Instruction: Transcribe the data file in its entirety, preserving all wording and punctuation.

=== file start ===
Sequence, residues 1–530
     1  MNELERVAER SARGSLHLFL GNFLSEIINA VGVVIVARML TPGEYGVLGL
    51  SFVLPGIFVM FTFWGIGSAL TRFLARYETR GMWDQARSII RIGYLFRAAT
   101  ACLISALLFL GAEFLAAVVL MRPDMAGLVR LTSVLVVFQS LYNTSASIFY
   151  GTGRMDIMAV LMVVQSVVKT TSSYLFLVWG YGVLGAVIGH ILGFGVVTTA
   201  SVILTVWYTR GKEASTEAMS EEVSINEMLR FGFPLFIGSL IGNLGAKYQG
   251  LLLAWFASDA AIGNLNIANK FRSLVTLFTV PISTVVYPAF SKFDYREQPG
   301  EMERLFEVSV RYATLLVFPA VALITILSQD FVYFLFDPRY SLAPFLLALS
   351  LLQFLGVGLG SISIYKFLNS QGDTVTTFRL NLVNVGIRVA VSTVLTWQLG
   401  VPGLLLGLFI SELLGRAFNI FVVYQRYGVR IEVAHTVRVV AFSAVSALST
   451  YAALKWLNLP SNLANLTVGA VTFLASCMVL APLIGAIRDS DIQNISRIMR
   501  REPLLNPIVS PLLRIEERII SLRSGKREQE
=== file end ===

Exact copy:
Sequence, residues 1–530
     1  MNELERVAER SARGSLHLFL GNFLSEIINA VGVVIVARML TPGEYGVLGL
    51  SFVLPGIFVM FTFWGIGSAL TRFLARYETR GMWDQARSII RIGYLFRAAT
   101  ACLISALLFL GAEFLAAVVL MRPDMAGLVR LTSVLVVFQS LYNTSASIFY
   151  GTGRMDIMAV LMVVQSVVKT TSSYLFLVWG YGVLGAVIGH ILGFGVVTTA
   201  SVILTVWYTR GKEASTEAMS EEVSINEMLR FGFPLFIGSL IGNLGAKYQG
   251  LLLAWFASDA AIGNLNIANK FRSLVTLFTV PISTVVYPAF SKFDYREQPG
   301  EMERLFEVSV RYATLLVFPA VALITILSQD FVYFLFDPRY SLAPFLLALS
   351  LLQFLGVGLG SISIYKFLNS QGDTVTTFRL NLVNVGIRVA VSTVLTWQLG
   401  VPGLLLGLFI SELLGRAFNI FVVYQRYGVR IEVAHTVRVV AFSAVSALST
   451  YAALKWLNLP SNLANLTVGA VTFLASCMVL APLIGAIRDS DIQNISRIMR
   501  REPLLNPIVS PLLRIEERII SLRSGKREQE